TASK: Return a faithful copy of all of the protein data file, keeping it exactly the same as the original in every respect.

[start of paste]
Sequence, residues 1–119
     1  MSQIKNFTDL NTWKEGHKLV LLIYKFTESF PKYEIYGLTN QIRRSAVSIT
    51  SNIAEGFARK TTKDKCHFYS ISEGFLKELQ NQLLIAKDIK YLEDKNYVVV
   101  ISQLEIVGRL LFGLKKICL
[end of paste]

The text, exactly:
Sequence, residues 1–119
     1  MSQIKNFTDL NTWKEGHKLV LLIYKFTESF PKYEIYGLTN QIRRSAVSIT
    51  SNIAEGFARK TTKDKCHFYS ISEGFLKELQ NQLLIAKDIK YLEDKNYVVV
   101  ISQLEIVGRL LFGLKKICL